Monday, May 21, 2007

Athlete defines perfection

Courtney Rowsell won the provincial overall figure title this past weekend in St. John’s at the Newfoundland and Labrador Bodybuilding Association Championships. The win gives her the right to represent the province at the national championships in June.
Provincial win sends competitor to nationals

David Newell
The Advertiser

A Leading Tickles native is making her mark on the growing sport of fitness in the province.

Courtney Rowsell currently lives in St. John’s, where she works as a personal trainer and owns and operates a nutritional catering company with her partner, fitness guru Andrew Pratt.

Rowsell won the overall figure title in the Newfoundland and Labrador Bodybulding Association’s provincial championships, held in St. John’s last week. The win comes on the heels of her first place finish in the Heavyweights Classic bodybuilding competition last fall.

Her most recent win qualifies Rowsell to take part in the upcoming national championships to be held in Edmonton, Alta. on June 30.

She said there was a lot of work involved to make the changes necessary in her physique to progress from the 2006 competition.

“Last time I was a bit too muscular,” she said. “I thought I needed more muscle before the last show but the judges did not – they thought I could have been a bodybuilder.”

For Rowsell to achieve a more feminine look for the NLBBA show last week, it was necessary for her to sculpt her body by adapting her diet and workouts drastically.

Instead of consuming the carbohydrates she did in preparation for her first show, Rowsell cut her food intake significantly.

“I cut my portion size down because I really tried to shrink my stomach,” she said. “I ate every hour and a half, maybe two to three to a maximum of four ounces of food. It was protein and a combination of vegetables. I cut carbs out about 10 weeks out. I only had a little carb in the morning and post workout.”

Other changes Rowsell made involved differences in her training regime.

“I didn’t train my abdominals as much this time and did not train obliques at all,” she said. “I didn’t train the front. I did cardio like mad – last time I didn’t do cardio. My metabolism is really good, so that is why I could get away with eating so much last time.”

Rowsell did cardo workouts for 45 minutes five or six times a week and increased her time on the treadmill to 60 minutes daily for the eight weeks immediately prior to the event.

“I really busted my chops to get rid of any excess water or fat I may have had on,” she said.

She said the structure that the training regiment adds to her everyday life is beneficial in many aspects in addition to her performance on stage.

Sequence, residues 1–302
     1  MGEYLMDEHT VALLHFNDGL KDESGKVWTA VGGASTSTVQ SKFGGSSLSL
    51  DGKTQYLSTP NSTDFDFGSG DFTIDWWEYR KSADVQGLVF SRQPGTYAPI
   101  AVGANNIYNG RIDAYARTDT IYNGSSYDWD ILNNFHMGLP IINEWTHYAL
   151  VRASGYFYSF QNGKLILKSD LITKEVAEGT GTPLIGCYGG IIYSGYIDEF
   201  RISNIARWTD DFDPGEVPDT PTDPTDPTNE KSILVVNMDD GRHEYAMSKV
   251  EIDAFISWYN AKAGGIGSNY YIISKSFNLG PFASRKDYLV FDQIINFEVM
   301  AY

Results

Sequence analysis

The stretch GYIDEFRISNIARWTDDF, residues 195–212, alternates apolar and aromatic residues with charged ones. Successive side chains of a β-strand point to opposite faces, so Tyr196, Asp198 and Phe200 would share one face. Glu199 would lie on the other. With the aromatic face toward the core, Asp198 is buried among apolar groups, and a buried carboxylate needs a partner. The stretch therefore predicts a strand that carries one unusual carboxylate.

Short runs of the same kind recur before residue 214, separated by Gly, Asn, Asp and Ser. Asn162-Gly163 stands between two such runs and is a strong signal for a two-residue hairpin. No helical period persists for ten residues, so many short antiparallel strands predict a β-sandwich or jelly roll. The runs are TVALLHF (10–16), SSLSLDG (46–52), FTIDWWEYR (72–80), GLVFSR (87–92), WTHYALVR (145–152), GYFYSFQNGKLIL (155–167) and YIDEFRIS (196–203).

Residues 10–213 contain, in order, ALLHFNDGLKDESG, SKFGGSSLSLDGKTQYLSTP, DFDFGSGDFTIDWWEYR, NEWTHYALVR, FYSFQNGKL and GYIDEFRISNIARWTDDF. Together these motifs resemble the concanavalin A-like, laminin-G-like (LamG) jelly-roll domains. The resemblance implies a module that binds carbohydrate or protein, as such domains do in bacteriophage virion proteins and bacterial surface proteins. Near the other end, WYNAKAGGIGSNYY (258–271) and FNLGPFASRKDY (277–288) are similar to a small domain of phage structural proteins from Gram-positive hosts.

“It impacts all aspects of my life,” Rowsell said. “I got up, went to cardio, made breakfast, put the laundry in – it was part of my whole day. I cooked my meals then in the morning for the day, had clients in the afternoon, trained myself in the afternoon, came back for more clients and then we had our company, Personal Best Meals. It was a nice smooth, structured regime. The structure made me stronger and more successful in all aspects of my life.”

The sport of figure, while relatively new, is sometimes described by naysayers as a beauty contest.

Rowsell is quick to point out that the women involved are definitely athletes in every sense of the word and hopes the perception of the sport will change with time.

“Figure has to be treated just as much a sport as any other division within the bodybuilding community,” she said. “You see some of the girls here who have been training for months. Pilates and yoga are not going to get you on stage. You do have to train and be disciplined like any other athlete in any other sport. You make a lot of sacrifices and put your body through a lot. If you want to be a serious competitor and a serious athlete you do have to train very intensely, just like any other sport.”

Rowsell added that although the $1, 000 suits, expertly coiffed hair and manicured nails may give the impression the show involves modelling, the competitors are strong and fit women who must train intensely to achieve their goals.

The Canadian national competition will also be attended by fitness athlete Jill Mackey of St. John’s.

The two competitors are currently seeking sponsorship for their trip and would welcome inquiries at or through any member of the NLBBA

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